3 Big Mistakes in Annual Planning – And How to Avoid Them

By Generational Equity


Will your company meet its annual targets this year? If not, you’re in good company. By some estimates, only 50 percent of companies achieve their annual performance targets.

These missed targets represent millions of dollars in lost opportunity and lost market share that goes to better-performing companies, therefore damaging your business worth.

According to Alan Gehringer of Rhythm Systems, the most common reasons that companies fail to reach annual performance goals fall into three categories:

  1. The plan wasn’t right. Maybe the CEO set goals without consulting anyone else, or failed to incorporate key market forces, or maybe operational goals were set rather than strategic goals.
  2. The plan was kept secret. If annual goals aren’t shared widely across the company and cascaded into and made relevant for every department, your teams can’t work toward the goals.
  3. The team couldn’t execute. If teams or individuals are already overwhelmed with daily tasks or aren’t given the right tools to succeed, they won’t have the time or creative energy to devote to new methods of operation.

How can you, the company leader, avoid these three common mistakes and get your annual performance plans on track?

Poor Execution = Failed Strategy

Billions of dollars are lost each year in unproductive meetings, so it’s important to plan your goal-setting meeting thoroughly. You need to bring together the right people with the right tools and complete information so that you can build relevant goals that develop your long-term strategy for the company.

For a highly effective annual goal meeting, take these steps:

  1. Prepare for your plan. Preparation is your friend when it comes to an annual plan. Choose the key players who should attend and block out three days on every participants’ calendar. Everyone will also need to set aside time before the meeting to gather sales figures, analyze market trends, and reflect on what did and didn’t work in the prior year.
  2. Hire a facilitator and go offsite. A facilitator lets the CEO participate fully in the meeting rather than juggling two roles. A facilitator can also help with meeting set-up and encourage participants to get their homework done prior to the meeting. Offsite locations help keep everyone focused and allow for team building activities.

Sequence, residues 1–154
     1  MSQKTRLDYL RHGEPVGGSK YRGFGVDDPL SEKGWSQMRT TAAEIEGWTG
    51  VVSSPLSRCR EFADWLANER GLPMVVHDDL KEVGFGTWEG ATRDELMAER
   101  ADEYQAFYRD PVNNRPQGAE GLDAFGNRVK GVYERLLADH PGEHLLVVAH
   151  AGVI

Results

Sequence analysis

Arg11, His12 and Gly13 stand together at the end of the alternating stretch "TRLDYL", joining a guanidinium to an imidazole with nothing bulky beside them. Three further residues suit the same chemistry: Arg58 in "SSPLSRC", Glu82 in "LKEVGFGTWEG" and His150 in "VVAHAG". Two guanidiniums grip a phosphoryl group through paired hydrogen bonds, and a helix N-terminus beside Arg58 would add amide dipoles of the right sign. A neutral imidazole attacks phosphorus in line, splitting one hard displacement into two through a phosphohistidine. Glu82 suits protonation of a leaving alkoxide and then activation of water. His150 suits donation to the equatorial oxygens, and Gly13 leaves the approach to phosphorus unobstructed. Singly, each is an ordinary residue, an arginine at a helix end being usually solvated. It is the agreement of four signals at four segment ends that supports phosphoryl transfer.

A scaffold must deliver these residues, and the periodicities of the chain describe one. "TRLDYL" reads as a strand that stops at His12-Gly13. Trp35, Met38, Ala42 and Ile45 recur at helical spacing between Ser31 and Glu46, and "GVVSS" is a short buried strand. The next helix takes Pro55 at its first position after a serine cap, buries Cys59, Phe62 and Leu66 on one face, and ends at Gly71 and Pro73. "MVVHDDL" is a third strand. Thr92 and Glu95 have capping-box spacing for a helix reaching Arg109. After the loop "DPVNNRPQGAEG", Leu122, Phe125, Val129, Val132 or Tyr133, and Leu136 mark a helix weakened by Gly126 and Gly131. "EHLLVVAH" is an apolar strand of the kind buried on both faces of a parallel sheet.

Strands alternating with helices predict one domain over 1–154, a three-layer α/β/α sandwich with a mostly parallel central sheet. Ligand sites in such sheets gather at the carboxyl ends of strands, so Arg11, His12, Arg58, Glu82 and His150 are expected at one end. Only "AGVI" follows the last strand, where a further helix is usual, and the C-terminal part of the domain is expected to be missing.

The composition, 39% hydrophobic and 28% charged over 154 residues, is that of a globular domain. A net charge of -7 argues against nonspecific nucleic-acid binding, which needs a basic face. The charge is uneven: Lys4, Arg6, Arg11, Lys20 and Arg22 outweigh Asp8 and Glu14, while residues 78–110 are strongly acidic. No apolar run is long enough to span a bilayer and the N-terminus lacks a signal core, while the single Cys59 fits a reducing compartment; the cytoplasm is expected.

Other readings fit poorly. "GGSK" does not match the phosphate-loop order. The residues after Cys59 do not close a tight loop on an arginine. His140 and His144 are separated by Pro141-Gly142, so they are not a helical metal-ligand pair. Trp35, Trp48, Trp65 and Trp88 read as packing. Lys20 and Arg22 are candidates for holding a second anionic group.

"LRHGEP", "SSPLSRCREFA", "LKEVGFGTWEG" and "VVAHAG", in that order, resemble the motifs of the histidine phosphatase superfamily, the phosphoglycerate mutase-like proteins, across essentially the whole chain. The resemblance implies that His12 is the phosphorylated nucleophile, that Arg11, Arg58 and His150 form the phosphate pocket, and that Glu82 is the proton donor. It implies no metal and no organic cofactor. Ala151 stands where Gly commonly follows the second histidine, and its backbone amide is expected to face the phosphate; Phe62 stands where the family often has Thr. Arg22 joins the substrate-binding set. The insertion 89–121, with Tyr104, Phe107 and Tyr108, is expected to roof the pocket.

3. Set three to five realistic goals. Don’t set overly aggressive, short-term goals and hope for the best. Your annual goals should move the company along its three-to-five-year plan. And don’t overwhelm your teams with too many goals. Your people need to be able to concentrate on getting a few things right rather than pulled in too many directions.
  4. Review key performance indicators (KPIs). Before solidifying your annual and quarterly goals, be sure to review your KPIs. Are these still relevant? Are any adjustments or updates needed? Do your KPIs help you meet your financial goals and help the company grow? Do you have enough people in place?
  5. Cascade plans to the department and individual level. Your annual goals need to be broken into quarterly and monthly goals. Then, each department should know how to contribute to those goals and each person within a department should know how their job adds to the whole.
  6. Communicate your plan. Every single employee needs to understand where the company is going and what they need to do to help the company reach its targets. This means you’ll need to communicate, probably through a combination of in-person meetings, company-wide emails, and maybe video conferences if you have offices in multiple locations.

Once you begin executing your strategy, it’s important to check your progress weekly and monthly. Avoid holding meetings where everyone reports the news. You want to spend these meetings identifying problems and finding solutions.

Such a focus helps keep meetings productive and helps drive performance throughout the year.

When it comes time to sell your company, having documentation of your annual goals will make it easier to provide the type of due diligence investors love. Buyers will be able to see exactly how your company is functioning, and the steps you’ve taken to build a worthy investment.

Still unsure how to proceed with your company’s annual plans? Look for help with a Rhythm Systems webinar on The #1 Mistake CEOs Make When Preparing for Annual Planning. And, for advice on the key components for any successful exit strategy, be sure to attend one of Generational Equity’s complimentary executive conferences.

By Jessica Johns Pool.

© 2017 Generational Equity, LLC. All Rights Reserved.